Hull North MP Diana Johnson has written to the Justice Secretary to express concerns at the “lenient” sentence given to an EDL thug who punched a man during a march. As previously reported in the Mail, John Claydon, 46, laughed as he left court after receiving an 18-month community order for attacking anti-fascist protester David Harding outside St Stephen’s shopping centre.
Claydon, who had a string of convictions for violence, was also ordered to do 100 hours’ unpaid work and pay £500 compensation. But Ms Johnson believes the sentence, passed by Recorder Michael Smith, was too lenient and has written to Justice Secretary Chris Grayling with her concerns.
Martin Lennon, Ms Johnson’s researcher, said: “Diana wrote to Mr Grayling because she was concerned by the sentencing guidelines employed by the judge in this case. Diana felt that there were several aggravating factors in this case that were not properly taken into account. This was a particularly vicious attack, which was not provoked. Moreover, Mr Claydon had a history of violence.”
When sentencing Claydon, Recorder Smith said it was a sensitive case, but told Claydon the politics of the march were “of no concern” to him, before adding: “I am sentencing you purely and simply for the act of violence in a public place.” Ms Johnson was especially concerned about these comments, said Mr Lennon.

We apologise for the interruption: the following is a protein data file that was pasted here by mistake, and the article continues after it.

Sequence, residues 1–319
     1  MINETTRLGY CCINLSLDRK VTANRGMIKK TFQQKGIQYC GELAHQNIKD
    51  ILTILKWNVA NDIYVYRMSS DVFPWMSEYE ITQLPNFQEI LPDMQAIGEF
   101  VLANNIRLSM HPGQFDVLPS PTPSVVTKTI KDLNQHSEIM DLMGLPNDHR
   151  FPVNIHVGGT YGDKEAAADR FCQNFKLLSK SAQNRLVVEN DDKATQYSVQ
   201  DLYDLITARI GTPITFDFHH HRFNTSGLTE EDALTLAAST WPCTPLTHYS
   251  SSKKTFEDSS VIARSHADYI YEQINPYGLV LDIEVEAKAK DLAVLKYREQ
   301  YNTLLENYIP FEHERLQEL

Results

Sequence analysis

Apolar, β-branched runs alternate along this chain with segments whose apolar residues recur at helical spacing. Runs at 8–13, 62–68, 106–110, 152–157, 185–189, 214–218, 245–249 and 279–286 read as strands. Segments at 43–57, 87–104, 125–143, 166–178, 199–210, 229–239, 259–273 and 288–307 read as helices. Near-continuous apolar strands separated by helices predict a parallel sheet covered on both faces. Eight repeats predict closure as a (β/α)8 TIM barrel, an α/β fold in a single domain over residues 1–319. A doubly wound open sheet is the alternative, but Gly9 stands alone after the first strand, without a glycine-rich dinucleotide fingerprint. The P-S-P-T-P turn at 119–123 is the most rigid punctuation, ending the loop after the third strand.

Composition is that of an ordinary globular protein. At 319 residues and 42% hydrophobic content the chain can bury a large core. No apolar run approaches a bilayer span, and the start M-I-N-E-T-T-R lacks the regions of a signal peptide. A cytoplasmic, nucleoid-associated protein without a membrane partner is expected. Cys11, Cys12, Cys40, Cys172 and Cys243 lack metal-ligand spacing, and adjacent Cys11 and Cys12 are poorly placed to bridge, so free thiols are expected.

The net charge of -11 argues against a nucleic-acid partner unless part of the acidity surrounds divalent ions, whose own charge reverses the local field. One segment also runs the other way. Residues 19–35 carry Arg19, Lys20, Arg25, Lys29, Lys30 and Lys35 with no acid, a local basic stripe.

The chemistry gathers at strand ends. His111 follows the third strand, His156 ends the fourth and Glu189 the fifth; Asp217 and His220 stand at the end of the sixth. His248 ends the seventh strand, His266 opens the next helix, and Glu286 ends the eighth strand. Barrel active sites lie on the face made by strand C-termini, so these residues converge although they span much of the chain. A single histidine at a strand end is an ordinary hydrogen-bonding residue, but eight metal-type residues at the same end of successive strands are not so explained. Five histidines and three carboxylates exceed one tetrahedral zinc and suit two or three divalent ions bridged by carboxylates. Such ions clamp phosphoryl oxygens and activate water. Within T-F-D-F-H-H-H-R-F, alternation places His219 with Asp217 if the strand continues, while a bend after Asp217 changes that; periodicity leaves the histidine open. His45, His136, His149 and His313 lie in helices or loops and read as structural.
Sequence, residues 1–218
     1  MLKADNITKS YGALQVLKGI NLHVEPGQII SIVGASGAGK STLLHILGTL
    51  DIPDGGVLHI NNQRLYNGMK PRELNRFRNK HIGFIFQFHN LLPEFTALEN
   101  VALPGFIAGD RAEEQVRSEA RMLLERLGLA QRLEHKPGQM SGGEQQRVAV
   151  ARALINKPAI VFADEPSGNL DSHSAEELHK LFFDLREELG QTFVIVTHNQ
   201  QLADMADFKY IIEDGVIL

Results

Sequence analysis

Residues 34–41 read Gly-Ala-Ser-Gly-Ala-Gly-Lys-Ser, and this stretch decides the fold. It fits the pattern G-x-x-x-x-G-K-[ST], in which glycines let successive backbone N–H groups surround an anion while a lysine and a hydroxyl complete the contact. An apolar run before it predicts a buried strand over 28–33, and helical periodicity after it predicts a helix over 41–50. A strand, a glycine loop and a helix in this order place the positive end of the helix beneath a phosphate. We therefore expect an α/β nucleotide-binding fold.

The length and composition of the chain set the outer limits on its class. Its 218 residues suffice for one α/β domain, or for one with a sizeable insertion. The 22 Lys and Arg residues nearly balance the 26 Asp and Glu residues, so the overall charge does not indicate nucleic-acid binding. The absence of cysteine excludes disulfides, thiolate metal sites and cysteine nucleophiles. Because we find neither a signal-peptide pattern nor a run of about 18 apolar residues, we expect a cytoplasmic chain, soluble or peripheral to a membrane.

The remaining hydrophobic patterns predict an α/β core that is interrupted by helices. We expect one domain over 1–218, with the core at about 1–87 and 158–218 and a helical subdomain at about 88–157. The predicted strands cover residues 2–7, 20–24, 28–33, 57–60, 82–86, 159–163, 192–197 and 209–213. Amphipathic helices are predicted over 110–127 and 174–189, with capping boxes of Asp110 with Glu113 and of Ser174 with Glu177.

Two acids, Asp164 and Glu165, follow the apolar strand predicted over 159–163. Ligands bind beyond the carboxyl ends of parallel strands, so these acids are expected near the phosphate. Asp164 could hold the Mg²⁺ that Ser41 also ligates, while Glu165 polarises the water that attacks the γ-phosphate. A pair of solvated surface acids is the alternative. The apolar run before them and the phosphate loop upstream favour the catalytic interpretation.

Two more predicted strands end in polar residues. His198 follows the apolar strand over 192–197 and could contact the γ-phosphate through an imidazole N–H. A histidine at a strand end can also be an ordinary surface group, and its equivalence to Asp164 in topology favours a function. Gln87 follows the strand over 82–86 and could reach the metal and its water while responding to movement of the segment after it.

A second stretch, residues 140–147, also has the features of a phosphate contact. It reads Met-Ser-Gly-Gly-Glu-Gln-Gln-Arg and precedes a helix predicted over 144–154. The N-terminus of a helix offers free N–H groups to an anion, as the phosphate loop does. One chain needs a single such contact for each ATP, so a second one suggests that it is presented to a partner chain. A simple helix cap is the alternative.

He said: “Of particular concern was the fact that the judge said that the political nature of the protest and, therefore, the context of the attack, was not a relevant factor to consider when sentencing. She is also copying the letter to the Director of Public Prosecutions to ask him to consider whether it may be more appropriate to prosecute such cases as racially motivated assaults in the future.
“In some cases, the Attorney General is able to review and appeal against a case where the sentencing is seen as unduly lenient. This then sets a precedent for future cases. However, he only has this power in relation to certain offences, and actual bodily harm, which is the offence Mr Claydon pleaded guilty to, is not one such offence, hence why she wrote to the Justice Secretary.”
HGV driver Claydon, 46, of Dronfield, Derbyshire, was caught on CCTV punching Mr Harding, who was part of a small group of men and women taking part in a so-called “silent” counter-protest in Ferensway, city centre, on August 17. Claydon has convictions for violence from 1999, 2001 and 2007.
Prosecutor Stephen Welch told Hull Crown Court how there was a heavy police presence, with some 300 EDL members taking part in the march. He said: “At about 2.20pm, it became clear there were six to eight people who were protesting against EDL. The complainant had been holding a banner stating Hull is multicultural. Mr Claydon punched Mr Harding repeatedly in the face. Mr Claydon continued to punch him while Mr Harding was on the floor. It did not cease until he was hauled off Mr Harding by PCSOs.”
The attack happened in full view of children, said Mr Welch. Mr Harding suffered a cut to his forehead, which required ten stitches, and two black eyes.
The EDL itself was very happy with the leniency of John Claydon’s sentence, with the Sheffield Division hailing what they described as a “decent result” for “our Jonny”. Indeed, they were so pleased that they invited Claydon to a “celebration bevvy” at the EDL’s anti-mosque protest in Sheffield last Saturday, where they held a whipround to help him pay his fine.